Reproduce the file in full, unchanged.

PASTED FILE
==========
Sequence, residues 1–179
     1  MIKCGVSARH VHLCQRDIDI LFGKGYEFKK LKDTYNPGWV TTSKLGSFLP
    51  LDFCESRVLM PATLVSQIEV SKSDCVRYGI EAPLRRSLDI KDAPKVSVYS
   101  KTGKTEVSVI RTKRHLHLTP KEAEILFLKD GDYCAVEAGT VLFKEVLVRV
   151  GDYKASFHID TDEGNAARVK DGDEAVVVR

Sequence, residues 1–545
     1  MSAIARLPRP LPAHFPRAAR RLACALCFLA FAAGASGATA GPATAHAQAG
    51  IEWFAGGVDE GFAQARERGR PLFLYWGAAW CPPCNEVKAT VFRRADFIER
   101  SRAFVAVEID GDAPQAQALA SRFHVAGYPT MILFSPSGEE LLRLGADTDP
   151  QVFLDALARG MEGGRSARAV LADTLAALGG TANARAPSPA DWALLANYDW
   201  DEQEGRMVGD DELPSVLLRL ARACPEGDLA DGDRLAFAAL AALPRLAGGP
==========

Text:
Sequence, residues 1–179
     1  MIKCGVSARH VHLCQRDIDI LFGKGYEFKK LKDTYNPGWV TTSKLGSFLP
    51  LDFCESRVLM PATLVSQIEV SKSDCVRYGI EAPLRRSLDI KDAPKVSVYS
   101  KTGKTEVSVI RTKRHLHLTP KEAEILFLKD GDYCAVEAGT VLFKEVLVRV
   151  GDYKASFHID TDEGNAARVK DGDEAVVVR

Sequence, residues 1–545
     1  MSAIARLPRP LPAHFPRAAR RLACALCFLA FAAGASGATA GPATAHAQAG
    51  IEWFAGGVDE GFAQARERGR PLFLYWGAAW CPPCNEVKAT VFRRADFIER
   101  SRAFVAVEID GDAPQAQALA SRFHVAGYPT MILFSPSGEE LLRLGADTDP
   151  QVFLDALARG MEGGRSARAV LADTLAALGG TANARAPSPA DWALLANYDW
   201  DEQEGRMVGD DELPSVLLRL ARACPEGDLA DGDRLAFAAL AALPRLAGGP